Buying bras when you’re pregnant or breastfeeding can be a bit of a nightmare. What kind. What size. The cost.
Nursing bras are on many “must get” lists for shopping before baby arrives, but should they be? The problem with that is that no one really knows how much your boobs will change after baby arrives – or while you’re pregnant. It’s a bit of guesswork, a bit of averaging (and, actually, how many of us are “average” at anything?). Some women report very small changes, others are outgrowing their pre-pregnancy bras by the time they’re 6 weeks pregnant!
When you’re pregnant or breastfeeding, a well fitting bra is important. A bra that is too tight on the cup can cause all sorts of issues and a bra that tries to support but doesn’t can cause shoulder and back pain (a common issue anyway amongst many new parents, especially first-time parents, as they adjust to carrying and holding baby).
Sadly, it can be hard to get fitted well in high street stores. A common problem is that the store doesn’t have a wide range of chest and cup sizes in stock and women are measured as having a larger chest size (and so correspondingly smaller cup size) than they really need.
When you’re pregnant, frequently checking your bra fits is key. Unless you’re planning on getting used to NOT wearing structured and fitted bras, then your best bet is to buy a couple of not-too-expensive bras and being prepared to change them frequently. Some do change to non-structured bras – Molke bras get rave reviews, for example.
When you’re breastfeeding, check your size frequently too. If you’re measuring milky boobs, remember that, especially in the early weeks, their size will change depending on whether your boobs are full or not, and everyone’s milk storage capacity (which has naff all to do with milk supply as boobs are factories not warehouses!) is different. Measuring when full can help adjust for this.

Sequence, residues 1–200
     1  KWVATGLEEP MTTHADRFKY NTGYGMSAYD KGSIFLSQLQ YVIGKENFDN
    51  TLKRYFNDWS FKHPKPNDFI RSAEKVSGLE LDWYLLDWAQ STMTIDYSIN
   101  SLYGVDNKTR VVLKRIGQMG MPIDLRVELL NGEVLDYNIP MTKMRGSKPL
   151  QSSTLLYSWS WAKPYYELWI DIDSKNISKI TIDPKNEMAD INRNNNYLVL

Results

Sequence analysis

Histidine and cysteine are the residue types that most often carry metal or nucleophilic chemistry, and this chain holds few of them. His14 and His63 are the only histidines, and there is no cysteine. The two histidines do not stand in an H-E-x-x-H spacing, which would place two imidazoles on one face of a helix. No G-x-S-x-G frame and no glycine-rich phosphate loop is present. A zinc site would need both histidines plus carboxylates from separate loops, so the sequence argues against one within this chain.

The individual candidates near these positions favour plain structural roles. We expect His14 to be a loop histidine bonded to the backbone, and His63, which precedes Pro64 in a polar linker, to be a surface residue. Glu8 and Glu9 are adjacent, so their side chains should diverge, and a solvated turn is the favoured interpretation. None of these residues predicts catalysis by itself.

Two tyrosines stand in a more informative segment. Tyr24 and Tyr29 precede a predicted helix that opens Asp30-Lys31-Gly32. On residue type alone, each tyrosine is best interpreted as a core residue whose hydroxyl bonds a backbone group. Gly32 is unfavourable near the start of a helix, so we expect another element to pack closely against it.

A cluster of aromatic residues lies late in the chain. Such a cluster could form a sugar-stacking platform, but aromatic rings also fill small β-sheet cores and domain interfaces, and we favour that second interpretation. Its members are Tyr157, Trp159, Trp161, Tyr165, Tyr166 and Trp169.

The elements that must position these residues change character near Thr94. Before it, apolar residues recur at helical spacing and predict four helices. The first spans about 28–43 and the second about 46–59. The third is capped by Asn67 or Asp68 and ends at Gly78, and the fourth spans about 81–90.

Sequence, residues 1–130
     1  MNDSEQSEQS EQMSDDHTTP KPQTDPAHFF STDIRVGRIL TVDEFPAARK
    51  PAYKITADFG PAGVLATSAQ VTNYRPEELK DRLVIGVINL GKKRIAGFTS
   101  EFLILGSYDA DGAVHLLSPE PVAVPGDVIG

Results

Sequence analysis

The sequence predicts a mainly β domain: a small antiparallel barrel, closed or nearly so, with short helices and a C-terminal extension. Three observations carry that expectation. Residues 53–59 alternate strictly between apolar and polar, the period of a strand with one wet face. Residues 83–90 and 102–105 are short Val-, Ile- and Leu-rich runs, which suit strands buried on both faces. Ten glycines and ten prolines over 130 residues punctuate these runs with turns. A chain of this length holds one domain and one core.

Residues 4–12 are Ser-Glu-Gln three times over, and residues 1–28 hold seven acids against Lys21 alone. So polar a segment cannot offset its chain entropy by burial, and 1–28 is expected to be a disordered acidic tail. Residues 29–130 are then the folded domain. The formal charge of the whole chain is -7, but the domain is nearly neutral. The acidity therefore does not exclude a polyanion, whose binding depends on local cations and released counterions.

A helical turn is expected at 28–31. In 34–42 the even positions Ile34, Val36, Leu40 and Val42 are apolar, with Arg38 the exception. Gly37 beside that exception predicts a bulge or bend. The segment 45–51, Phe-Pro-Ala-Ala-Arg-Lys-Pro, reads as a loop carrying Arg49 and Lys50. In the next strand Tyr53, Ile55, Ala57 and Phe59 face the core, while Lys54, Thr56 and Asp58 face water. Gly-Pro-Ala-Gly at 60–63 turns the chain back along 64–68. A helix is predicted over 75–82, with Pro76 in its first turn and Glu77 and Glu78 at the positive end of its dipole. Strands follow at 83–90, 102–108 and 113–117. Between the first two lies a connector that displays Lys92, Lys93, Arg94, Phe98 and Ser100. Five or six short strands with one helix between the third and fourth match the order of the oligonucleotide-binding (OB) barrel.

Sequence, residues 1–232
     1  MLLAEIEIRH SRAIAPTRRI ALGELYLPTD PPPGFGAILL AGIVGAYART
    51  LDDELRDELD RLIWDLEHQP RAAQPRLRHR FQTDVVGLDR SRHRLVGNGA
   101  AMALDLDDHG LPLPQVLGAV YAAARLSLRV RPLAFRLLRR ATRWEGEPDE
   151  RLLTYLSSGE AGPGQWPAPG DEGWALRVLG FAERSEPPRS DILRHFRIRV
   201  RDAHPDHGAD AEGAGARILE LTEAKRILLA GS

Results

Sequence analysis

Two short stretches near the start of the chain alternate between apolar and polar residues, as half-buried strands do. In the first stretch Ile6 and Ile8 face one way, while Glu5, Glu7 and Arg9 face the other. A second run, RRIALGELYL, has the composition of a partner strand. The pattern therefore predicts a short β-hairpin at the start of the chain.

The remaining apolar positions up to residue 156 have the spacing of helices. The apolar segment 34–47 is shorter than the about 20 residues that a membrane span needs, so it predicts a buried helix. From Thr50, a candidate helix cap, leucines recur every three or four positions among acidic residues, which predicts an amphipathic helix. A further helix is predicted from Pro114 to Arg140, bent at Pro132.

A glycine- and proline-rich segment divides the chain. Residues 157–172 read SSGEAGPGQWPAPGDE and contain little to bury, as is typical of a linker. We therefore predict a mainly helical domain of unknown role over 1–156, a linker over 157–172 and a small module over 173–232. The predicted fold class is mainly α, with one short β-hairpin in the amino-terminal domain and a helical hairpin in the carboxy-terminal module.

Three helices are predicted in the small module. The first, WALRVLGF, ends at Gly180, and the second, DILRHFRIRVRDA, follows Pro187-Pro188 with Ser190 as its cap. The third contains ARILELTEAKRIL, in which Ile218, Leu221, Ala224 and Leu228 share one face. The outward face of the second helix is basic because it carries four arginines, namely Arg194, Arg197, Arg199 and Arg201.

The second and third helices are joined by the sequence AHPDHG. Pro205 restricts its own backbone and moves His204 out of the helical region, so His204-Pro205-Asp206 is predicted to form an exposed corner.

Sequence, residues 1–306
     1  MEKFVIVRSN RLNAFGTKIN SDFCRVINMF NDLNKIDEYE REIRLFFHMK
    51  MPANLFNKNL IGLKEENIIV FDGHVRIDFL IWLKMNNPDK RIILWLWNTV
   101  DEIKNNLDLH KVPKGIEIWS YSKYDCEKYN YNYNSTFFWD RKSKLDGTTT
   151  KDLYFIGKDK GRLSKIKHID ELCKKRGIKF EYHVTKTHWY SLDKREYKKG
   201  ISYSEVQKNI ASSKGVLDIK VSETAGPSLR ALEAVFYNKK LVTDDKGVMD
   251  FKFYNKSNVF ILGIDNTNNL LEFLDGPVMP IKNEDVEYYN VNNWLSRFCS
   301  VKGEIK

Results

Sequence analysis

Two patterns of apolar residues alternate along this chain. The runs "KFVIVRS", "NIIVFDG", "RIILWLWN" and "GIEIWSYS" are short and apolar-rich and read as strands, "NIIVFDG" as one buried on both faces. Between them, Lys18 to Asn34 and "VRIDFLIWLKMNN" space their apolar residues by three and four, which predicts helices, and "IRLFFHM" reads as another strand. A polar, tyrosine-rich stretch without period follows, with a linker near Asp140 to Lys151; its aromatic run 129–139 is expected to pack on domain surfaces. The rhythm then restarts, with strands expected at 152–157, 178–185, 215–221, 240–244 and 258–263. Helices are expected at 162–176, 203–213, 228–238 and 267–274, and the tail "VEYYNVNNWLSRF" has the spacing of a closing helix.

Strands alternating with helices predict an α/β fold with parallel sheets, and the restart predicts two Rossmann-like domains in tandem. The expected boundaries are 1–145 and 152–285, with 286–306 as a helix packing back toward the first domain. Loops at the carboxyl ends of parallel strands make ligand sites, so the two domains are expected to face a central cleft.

In terms of what size you need, these are both great:
Some NCT groups offer a bra-fitting service. You can always use the above guides to judge whether a shop is doing a good job of measuring you or not.
Buying nursing bras when pregnant
My suggestion on what (fitted) nursing bra to buy when pregnant is simple. Don’t. Honestly, you have no clue whether you’ll go up one cup size or more. It’s likely to be a waste of money.
Soft cup bras can be more accommodating of slight changes, but not significant changes. Stretchy (often called ‘night’) bras are far more accommodating. I’d suggest getting some of these for the early days with a baby. They make life easy if you’re starting to breastfeed when, to be frank, your boobs are going to be out a lot, and will tide you over till you can measure up and get something else.
You might read elsewhere that you shouldn’t wear underwired bras when pregnant or breastfeeding. The problem is that, if the bra is not well-fitting, the underwire can dig in, causing issues with changing or milky boobs.
They key phrase here is “if not well-fitting”! If your bra fits well, then there is no reason you can’t wear an underwired bra (but see above for the issues in keeping your bras well fitting!).
As a general rule, most people find that avoiding underwire for day-to-day in pregnancy, and then waiting until your milk supply is established, work well. There are then some really nice and comfortable underwired nursing bras on the market (Figleaves have consistently been the best source for underwired nursing bras in my experience).
An alternative for some
Of course you might decide to ditch bras all together. If so, Sophie Messager has a great intro here.